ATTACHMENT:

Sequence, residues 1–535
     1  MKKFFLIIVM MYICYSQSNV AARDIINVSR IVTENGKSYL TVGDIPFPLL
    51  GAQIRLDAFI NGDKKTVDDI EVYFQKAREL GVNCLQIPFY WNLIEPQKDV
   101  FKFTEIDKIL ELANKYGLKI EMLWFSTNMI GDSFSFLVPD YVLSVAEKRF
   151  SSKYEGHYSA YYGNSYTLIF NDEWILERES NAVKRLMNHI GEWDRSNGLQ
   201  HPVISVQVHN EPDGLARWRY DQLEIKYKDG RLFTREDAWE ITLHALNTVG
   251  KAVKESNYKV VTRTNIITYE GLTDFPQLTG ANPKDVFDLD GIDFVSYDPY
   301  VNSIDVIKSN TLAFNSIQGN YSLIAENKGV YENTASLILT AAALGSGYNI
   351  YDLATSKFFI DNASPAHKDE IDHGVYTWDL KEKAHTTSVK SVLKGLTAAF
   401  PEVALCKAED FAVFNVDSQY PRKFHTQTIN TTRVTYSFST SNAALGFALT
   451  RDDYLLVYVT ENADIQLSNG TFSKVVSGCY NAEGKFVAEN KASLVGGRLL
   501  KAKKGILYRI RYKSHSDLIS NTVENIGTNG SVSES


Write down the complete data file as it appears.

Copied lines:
Sequence, residues 1–535
     1  MKKFFLIIVM MYICYSQSNV AARDIINVSR IVTENGKSYL TVGDIPFPLL
    51  GAQIRLDAFI NGDKKTVDDI EVYFQKAREL GVNCLQIPFY WNLIEPQKDV
   101  FKFTEIDKIL ELANKYGLKI EMLWFSTNMI GDSFSFLVPD YVLSVAEKRF
   151  SSKYEGHYSA YYGNSYTLIF NDEWILERES NAVKRLMNHI GEWDRSNGLQ
   201  HPVISVQVHN EPDGLARWRY DQLEIKYKDG RLFTREDAWE ITLHALNTVG
   251  KAVKESNYKV VTRTNIITYE GLTDFPQLTG ANPKDVFDLD GIDFVSYDPY
   301  VNSIDVIKSN TLAFNSIQGN YSLIAENKGV YENTASLILT AAALGSGYNI
   351  YDLATSKFFI DNASPAHKDE IDHGVYTWDL KEKAHTTSVK SVLKGLTAAF
   401  PEVALCKAED FAVFNVDSQY PRKFHTQTIN TTRVTYSFST SNAALGFALT
   451  RDDYLLVYVT ENADIQLSNG TFSKVVSGCY NAEGKFVAEN KASLVGGRLL
   501  KAKKGILYRI RYKSHSDLIS NTVENIGTNG SVSES